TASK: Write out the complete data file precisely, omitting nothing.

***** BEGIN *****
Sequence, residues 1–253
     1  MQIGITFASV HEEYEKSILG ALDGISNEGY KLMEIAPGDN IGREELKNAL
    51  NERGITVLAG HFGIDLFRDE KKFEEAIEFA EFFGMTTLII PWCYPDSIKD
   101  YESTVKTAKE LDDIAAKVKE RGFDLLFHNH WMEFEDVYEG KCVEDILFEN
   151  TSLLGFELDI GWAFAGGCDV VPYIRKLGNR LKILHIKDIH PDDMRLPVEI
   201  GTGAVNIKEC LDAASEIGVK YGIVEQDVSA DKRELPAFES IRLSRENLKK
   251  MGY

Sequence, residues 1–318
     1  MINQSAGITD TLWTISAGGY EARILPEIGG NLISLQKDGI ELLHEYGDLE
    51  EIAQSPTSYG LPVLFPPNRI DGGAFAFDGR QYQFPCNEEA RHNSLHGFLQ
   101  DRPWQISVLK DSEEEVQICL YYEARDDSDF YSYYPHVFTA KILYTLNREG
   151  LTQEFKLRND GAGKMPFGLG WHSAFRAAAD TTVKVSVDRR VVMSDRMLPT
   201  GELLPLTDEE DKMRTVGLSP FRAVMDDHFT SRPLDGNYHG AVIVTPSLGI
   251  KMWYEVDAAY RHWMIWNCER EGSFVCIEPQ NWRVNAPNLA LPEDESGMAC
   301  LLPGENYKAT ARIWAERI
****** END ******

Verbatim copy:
Sequence, residues 1–253
     1  MQIGITFASV HEEYEKSILG ALDGISNEGY KLMEIAPGDN IGREELKNAL
    51  NERGITVLAG HFGIDLFRDE KKFEEAIEFA EFFGMTTLII PWCYPDSIKD
   101  YESTVKTAKE LDDIAAKVKE RGFDLLFHNH WMEFEDVYEG KCVEDILFEN
   151  TSLLGFELDI GWAFAGGCDV VPYIRKLGNR LKILHIKDIH PDDMRLPVEI
   201  GTGAVNIKEC LDAASEIGVK YGIVEQDVSA DKRELPAFES IRLSRENLKK
   251  MGY

Sequence, residues 1–318
     1  MINQSAGITD TLWTISAGGY EARILPEIGG NLISLQKDGI ELLHEYGDLE
    51  EIAQSPTSYG LPVLFPPNRI DGGAFAFDGR QYQFPCNEEA RHNSLHGFLQ
   101  DRPWQISVLK DSEEEVQICL YYEARDDSDF YSYYPHVFTA KILYTLNREG
   151  LTQEFKLRND GAGKMPFGLG WHSAFRAAAD TTVKVSVDRR VVMSDRMLPT
   201  GELLPLTDEE DKMRTVGLSP FRAVMDDHFT SRPLDGNYHG AVIVTPSLGI
   251  KMWYEVDAAY RHWMIWNCER EGSFVCIEPQ NWRVNAPNLA LPEDESGMAC
   301  LLPGENYKAT ARIWAERI